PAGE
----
Mr. Vincent has the experience and the background to generate
a list of his own."
hearing the matter, the trial court granted the motion and
signed the Production Order on April 6, 2016. Therein, the
trial court ordered "the defendants ... to produce all
correspondence, emails, and text messages between any and all
of the defendants and any and all employees of LCR&G . .
. between August 2014 and October 2014 without LCR&G
producing a list of employees." But, "to the extent
that the plaintiffs want GCR&G to produce correspondence,
emails, and text messages between any and all of the
defendants and any and all employees of LCR&G between
November and December 2014, the plaintiffs must first supply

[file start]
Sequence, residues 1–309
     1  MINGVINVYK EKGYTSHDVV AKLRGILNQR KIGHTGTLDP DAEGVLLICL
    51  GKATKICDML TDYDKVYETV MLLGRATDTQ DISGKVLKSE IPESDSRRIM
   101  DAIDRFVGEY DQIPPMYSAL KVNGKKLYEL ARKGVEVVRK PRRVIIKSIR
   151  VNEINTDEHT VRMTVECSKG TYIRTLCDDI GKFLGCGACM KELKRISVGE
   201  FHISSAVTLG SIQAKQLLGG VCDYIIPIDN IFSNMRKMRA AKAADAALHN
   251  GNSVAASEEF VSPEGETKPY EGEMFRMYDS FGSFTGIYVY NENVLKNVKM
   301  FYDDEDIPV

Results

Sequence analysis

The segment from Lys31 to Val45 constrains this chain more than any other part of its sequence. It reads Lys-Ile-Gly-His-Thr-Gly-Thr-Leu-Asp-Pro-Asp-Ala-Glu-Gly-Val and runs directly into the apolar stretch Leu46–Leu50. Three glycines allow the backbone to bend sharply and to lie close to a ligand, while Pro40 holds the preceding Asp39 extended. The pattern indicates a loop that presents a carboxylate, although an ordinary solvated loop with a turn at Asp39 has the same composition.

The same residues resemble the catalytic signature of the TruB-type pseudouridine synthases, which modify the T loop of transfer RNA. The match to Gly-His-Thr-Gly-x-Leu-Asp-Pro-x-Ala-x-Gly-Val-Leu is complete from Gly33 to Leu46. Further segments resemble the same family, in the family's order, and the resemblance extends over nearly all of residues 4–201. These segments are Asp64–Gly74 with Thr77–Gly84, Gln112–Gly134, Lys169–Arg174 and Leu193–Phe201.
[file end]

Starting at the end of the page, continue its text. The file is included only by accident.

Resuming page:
GCR&G with a list of said employees."
plaintiffs then filed their motion for sanctions on June 30,
2016, arguing that "the defendants have refused to
comply with this Court's judgment." In their
supporting memorandum, the plaintiffs complained (emphasis in
original): "To date, not one single email or
text message has been produced by the defendants in
this litigation." The matter was set for hearing on
September 12, 2016.
August 31, 2016, the plaintiffs conducted the La.Code Civ.P.
art. 1442 deposition of GCR&G for which Mr. Vincent
appeared as representative (the 1442 deposition). During this
deposition, Mr. Vincent was specifically asked about the
preservation of an iPhone 4 that he allegedly purchased in
February 2013. He explained that he "probably had a 4[,
]" but he did not remember when he bought it and did not
know what had become of it. It was an iPhone 5 that he used
in the time period relevant to the motion to compel-August
2014 through December 2014-and had been using since October
2013. That phone was backed up on his home computer, which
was imaged by Kiersted, when he upgraded to an iPhone 6 in
March or April 2015. Prior to this deposition, the